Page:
Driven - Apr 2021

The Chinese are coming… No, the Chinese are here!

If you take notice of the cars on our roads, you will see an abundance of models from the likes of Toyota, Volkswagen and Ford. You might also note a large contingent of premium brands – ranging in price and age but highly sought after on the new and used markets for those who have the cash.

So, to sum up our car market up in a simple phrase, it would be that we are fiercely brand loyal and we like nice things.
So how does an outlier make any inroads? Do you remember Renault back in the early 2000’s? Their reputation certainly wasn’t stellar and many flocked to the mainstream competitors in the wake of countless problems experienced with the French brand. 2013 comes around, the new Clio makes its debut with beautiful looks, up-to-date tech and a reasonable price. That was the catalyst for the brand and it’s that same recipe that competitors like Hyundai and Kia subsequently used in order to elevate their acclaim in the eyes of South Africans.

And what about the Chinese? Well, many have tried and failed. Actually, let me rephrase: many have entered our shores with low commitment and no knowledge of our market, which meant their time here was quite fleeting and did them more harm than good.
Then comes Haval/GWM – they’ve been in the country for many years now and since the very beginning, they have reinforced their intentions for our market. They’ve seen steady increases to their sales year-after-year and have garnered quite a positive reception from South African consumers looking for value and affordability. But they needed a game changer – something that will make people say ‘is that really a Haval?’ They needed their rendition of the Clio.


Enter the Jolion and what will be a massive turning point for the brand!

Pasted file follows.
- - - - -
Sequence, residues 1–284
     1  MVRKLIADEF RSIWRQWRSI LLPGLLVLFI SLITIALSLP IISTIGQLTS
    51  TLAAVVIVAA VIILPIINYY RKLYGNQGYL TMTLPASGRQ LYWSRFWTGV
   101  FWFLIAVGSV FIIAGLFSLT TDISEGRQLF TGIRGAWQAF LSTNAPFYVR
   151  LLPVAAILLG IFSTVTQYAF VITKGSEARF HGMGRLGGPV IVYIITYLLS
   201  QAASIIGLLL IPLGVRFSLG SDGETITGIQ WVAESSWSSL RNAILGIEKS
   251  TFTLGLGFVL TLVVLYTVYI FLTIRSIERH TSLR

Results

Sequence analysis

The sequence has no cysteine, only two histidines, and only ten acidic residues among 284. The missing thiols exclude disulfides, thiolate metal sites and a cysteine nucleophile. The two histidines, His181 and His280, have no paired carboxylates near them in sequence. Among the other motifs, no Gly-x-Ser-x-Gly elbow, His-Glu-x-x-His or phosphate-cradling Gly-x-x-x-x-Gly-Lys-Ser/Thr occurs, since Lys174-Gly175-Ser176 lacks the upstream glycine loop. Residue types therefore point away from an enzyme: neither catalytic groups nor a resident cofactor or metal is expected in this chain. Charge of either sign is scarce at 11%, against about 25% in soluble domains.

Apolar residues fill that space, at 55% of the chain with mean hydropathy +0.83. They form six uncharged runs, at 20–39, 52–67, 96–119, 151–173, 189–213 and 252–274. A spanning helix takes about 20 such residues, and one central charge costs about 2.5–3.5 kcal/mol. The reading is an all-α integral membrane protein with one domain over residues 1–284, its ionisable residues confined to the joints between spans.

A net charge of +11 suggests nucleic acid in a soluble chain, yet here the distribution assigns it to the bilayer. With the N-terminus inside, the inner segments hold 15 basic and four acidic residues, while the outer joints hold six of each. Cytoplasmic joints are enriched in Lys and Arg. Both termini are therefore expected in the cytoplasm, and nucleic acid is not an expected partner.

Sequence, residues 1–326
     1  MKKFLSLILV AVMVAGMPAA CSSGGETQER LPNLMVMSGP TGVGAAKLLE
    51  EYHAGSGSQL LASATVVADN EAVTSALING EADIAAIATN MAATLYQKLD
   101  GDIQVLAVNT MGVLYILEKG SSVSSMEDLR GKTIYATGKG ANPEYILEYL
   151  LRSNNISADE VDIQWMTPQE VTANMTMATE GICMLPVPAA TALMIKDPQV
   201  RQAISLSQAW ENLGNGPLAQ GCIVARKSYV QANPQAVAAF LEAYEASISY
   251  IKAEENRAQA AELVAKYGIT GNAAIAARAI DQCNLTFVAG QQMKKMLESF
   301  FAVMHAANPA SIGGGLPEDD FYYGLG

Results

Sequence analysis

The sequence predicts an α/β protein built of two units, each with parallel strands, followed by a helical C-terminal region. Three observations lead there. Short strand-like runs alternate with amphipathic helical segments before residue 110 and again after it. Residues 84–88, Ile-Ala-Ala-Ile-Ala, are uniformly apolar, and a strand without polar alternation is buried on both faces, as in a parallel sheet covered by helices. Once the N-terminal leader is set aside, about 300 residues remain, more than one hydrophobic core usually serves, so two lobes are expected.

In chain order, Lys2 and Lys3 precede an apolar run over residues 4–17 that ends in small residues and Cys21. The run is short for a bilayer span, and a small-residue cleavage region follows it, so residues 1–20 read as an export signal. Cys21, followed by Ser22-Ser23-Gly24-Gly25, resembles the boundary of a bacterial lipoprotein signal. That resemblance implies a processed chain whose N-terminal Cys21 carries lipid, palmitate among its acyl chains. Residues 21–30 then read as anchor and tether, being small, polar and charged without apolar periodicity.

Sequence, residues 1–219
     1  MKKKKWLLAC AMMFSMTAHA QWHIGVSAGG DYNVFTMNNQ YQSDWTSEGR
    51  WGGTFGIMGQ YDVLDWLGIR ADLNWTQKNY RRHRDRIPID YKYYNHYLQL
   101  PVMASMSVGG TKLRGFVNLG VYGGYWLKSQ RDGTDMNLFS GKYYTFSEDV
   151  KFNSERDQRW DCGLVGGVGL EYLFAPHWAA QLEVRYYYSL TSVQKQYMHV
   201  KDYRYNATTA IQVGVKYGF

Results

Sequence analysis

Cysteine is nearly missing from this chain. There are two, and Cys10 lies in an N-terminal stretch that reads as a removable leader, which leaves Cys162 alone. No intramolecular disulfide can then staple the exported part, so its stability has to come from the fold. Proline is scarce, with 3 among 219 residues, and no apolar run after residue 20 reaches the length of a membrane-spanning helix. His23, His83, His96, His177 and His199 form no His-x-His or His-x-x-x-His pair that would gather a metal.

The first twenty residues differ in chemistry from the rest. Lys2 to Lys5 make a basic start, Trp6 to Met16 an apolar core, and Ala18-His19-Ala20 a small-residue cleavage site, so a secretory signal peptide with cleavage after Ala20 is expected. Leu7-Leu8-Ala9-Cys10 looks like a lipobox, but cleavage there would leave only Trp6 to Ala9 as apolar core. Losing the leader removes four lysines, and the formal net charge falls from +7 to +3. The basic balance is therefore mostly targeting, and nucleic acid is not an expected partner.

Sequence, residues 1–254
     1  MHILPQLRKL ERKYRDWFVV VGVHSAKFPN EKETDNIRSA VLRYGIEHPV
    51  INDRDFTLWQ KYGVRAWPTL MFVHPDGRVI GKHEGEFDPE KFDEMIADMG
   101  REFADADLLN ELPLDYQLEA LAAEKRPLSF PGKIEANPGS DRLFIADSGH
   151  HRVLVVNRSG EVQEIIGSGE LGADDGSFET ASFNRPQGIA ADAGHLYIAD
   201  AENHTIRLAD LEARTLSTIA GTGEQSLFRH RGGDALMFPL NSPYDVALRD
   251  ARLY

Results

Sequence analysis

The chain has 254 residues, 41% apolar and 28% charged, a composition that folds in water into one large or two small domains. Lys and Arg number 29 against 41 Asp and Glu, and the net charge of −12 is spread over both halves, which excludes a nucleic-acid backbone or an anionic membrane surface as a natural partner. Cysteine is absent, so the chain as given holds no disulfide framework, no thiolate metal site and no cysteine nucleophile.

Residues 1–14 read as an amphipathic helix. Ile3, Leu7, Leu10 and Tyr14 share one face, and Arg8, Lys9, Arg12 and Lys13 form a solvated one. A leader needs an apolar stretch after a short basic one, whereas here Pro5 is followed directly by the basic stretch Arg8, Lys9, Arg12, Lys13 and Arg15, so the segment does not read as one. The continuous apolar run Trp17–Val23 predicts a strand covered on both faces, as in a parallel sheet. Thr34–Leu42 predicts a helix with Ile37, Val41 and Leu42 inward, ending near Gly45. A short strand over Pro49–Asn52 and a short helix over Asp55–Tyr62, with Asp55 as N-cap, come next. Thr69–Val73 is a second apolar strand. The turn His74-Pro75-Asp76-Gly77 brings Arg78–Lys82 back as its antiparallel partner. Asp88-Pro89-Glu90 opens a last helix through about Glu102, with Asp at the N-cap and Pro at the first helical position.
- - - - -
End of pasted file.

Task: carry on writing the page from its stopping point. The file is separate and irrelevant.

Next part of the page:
First of all, just look at it! It’s hugely attractive with great proportions and striking features. The distinctive headlamps and DRLs gives the Jolion’s front end quite a unique look, while the large grille and C-shaped taillights means it wouldn’t look out of place in fashionable European cities. No surprise then that it was penned by Phil Simmons – you might know his work from Land Rover and Ford.

The Jolion is intended to slot between the H6 and H2 in Haval’s local line-up, with the intention that the latter will soon be phased out. In terms of size, the Jolion measures at just under 4.5m long, which means its slightly larger than rivals like the Mazda CX-30, Hyundai Venue and Peugeot 2008. In fact, it could fall into a larger category where the likes of the Mazda CX-5 and Toyota RAV4 compete in. The boot can swallow 337l, which again outshines the rivals listed above. Good job Haval!

So, it’s got the looks and the space, but does it drive as well as the others? Let’s start with the engine – you only have one choice which is a 1.5-litre turbo petrol churning out 105kW and 210Nm. On paper this might not seem that impressive, but in the real world application it does a good enough job of lugging around its surprisingly large body. For comparison sake, the Peugeot 2008 produces 96kW and 230Nm from it’s 1.2-litre turbo petrol, while the Hyundai Creta makes use of a 1.4-litre turbo petrol that’s good for 103kW and 242Nm. So in essence, the Jolion is there or thereabouts in terms of power.

Utilizing the Chinese companies latest platform, which they call L.E.M.O.N, the Jolion’s overall ride comfort is vastly superior to any other product experienced from the Asian manufacturer. Most imperfections on the road are soaked up with ease but you will feel vibrations through the steering wheel when tackling more jarring surfaces. The suspension is tuned to a softer setting which makes every day cruising quite enjoyable, although body roll is evident when tackling corners with a bit of vigour. But that’s a compromise we will always accept when it comes to a crossover.